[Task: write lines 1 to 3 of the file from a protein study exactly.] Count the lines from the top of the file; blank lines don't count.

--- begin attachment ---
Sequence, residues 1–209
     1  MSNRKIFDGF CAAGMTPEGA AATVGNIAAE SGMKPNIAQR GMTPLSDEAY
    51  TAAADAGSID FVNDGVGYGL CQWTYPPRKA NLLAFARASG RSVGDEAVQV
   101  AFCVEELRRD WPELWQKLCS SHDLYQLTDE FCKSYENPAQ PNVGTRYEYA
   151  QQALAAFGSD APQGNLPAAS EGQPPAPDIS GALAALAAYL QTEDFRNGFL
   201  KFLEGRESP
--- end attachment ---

Sequence, residues 1–209
     1  MSNRKIFDGF CAAGMTPEGA AATVGNIAAE SGMKPNIAQR GMTPLSDEAY
    51  TAAADAGSID FVNDGVGYGL CQWTYPPRKA NLLAFARASG RSVGDEAVQV